Here you'll find a detailed explanation of how the ranking has been created.

Everything starts with some big data. Common Crawl Foundation gathered in 2012 a large general web crawl of about 3.5 billion HTML pages. The crawl is open data, and is accessible to everyone.

The Data and Web Science Group of the University of Mannheim parsed the crawl, obtaining a web graph: a mathematical representation of the links of the web. In a web graph nodes represent pages, and arcs represent hypertext links.

In collaboration with Sebastiano Vigna of the Laboratory for Web Algorithmics the web graph was analyzed using the WebGraph framework. You can actually download the graph in WebGraph format. Or you can see what we have found in our paper or on the Web Data Commons site.

We then extracted the *host graph*, a smaller graph where nodes represent hosts, rather than pages. There is an arc between
two hosts if some page within the first host point to some page within the second host. We used the information in the graph
to find the most important hosts of the web graph from Common Crawl 2012.

The default ranking we show you is by *harmonic
centrality*. If you want, you can find its definition
in Wikipedia. But we can explain it easily.

Suppose your site is `example.com`. Your score by harmonic centrality is, as a start, the number
of sites with a link towards `example.com`. They are called *sites at distance one*. Say, there are 50 such sites: your score is now 50.

There will be also sites with a link towards sites that have a link towards `example.com`, but they are not at distance one. They are called sites at distance *two*.
Say, there are 80 such sites: they are not as important as before—we will give them just half a point. So you get 40 more points and your score
is now 90.

We can go on: there will be also sites with a link towards sites that have a link towards sites that have a link towards `example.com` (!),
but they are not at distance one or two. They are called sites at distance *three*.
Say, there are 100 such sites: as you can guess, we will give them just one third of a point. So you get 33.333… more points and your score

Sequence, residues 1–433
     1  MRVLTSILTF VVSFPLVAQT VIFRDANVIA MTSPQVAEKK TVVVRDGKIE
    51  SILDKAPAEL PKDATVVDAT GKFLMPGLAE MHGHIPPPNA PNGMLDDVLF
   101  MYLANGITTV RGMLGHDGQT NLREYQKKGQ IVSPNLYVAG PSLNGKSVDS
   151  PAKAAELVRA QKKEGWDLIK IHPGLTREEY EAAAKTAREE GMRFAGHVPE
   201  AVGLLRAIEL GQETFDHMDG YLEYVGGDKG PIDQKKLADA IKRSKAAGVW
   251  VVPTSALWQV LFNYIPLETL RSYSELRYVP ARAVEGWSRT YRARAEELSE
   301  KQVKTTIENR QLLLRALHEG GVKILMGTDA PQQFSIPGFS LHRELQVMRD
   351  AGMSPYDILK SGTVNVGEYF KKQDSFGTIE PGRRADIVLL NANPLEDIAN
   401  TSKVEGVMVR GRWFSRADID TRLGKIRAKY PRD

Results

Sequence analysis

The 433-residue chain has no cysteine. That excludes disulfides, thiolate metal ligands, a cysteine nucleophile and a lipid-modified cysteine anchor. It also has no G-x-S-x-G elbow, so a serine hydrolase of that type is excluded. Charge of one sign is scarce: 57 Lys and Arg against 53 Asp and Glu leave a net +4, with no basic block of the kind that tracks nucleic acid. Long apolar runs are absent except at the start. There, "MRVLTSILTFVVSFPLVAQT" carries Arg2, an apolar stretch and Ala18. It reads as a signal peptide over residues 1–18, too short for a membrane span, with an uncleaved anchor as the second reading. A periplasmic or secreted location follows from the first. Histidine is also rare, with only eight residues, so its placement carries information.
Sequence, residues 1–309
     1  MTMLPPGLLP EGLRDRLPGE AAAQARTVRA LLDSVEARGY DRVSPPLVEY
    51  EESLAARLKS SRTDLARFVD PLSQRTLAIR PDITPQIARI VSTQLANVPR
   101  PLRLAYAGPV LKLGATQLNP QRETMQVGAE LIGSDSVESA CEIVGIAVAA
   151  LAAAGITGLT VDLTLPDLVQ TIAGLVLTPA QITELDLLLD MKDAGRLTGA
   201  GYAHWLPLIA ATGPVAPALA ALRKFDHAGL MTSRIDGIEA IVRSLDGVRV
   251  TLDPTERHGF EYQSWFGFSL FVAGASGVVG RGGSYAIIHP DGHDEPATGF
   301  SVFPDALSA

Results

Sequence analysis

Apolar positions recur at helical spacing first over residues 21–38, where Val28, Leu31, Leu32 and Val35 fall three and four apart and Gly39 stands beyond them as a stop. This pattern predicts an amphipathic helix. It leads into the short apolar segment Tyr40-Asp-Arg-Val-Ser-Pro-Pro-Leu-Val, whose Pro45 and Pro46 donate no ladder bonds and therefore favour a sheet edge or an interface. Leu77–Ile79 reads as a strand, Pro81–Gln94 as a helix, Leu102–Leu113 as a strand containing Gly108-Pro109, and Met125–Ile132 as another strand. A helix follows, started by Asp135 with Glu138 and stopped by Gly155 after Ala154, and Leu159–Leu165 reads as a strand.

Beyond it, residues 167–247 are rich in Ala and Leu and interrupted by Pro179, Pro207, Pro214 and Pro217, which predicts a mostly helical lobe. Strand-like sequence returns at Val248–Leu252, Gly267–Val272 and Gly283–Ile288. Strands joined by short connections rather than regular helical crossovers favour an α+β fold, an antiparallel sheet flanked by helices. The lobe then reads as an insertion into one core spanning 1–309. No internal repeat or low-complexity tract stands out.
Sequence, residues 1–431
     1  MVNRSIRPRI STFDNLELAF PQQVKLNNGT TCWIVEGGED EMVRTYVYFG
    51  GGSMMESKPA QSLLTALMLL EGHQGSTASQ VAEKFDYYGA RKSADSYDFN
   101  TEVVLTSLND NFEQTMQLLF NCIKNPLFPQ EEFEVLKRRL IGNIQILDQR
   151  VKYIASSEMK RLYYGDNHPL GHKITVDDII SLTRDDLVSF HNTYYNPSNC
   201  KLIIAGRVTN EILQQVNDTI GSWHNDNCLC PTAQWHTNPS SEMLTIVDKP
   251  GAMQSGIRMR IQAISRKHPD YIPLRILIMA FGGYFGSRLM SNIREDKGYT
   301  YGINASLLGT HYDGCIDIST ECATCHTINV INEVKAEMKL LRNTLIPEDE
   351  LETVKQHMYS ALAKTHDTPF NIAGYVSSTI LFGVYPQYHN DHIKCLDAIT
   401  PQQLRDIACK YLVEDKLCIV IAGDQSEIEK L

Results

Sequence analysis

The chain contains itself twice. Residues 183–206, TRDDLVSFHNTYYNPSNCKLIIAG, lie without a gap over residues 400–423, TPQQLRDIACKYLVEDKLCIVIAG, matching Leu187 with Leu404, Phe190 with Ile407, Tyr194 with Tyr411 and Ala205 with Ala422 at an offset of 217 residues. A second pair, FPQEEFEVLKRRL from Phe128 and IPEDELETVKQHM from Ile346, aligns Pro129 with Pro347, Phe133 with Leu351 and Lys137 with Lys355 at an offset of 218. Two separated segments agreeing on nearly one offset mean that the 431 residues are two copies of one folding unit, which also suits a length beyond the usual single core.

is now 123.333….

You do this for every site that can get to `example.com` just following links, and you have your score by harmonic centrality. And we
have software that will approximate harmonic centrality for very large graphs.

Since we like options, we let you play with other rankings. Ranking by indegree simply means that your score is the number of sites with a link towards you: the more links, the higher your rank. Browsing the top sites by indegree is a nice way to get acquainted with spam, as it is very easy to increase artificially your indegree.

Katz and PageRank are two well-known and very similar centrality indices that count the number of possible ways in which you can get from any other site to your site. The definition of PageRank appears in the first paper about Google. They have been computed using the LAW library.

You can find a very detailed and readable discussion of all this indices in this paper.

You can compare the results of different rankings in two ways. If you select “Compare ranks” (the default), the column selected for sorting displays sites, and the other columns show the rank of each site following other indices. For instance, the second page of result by harmonic centrality features the site of the Guardian at position 19, but you can see that PageRank would place it in position 270.

If you instead select “Compare listings”, you will see for each index the sites in the same position. The first page contains the top sites for each ranking, and so on.

Using the search box you can jump in the middle of the ranking currently selected for sorting.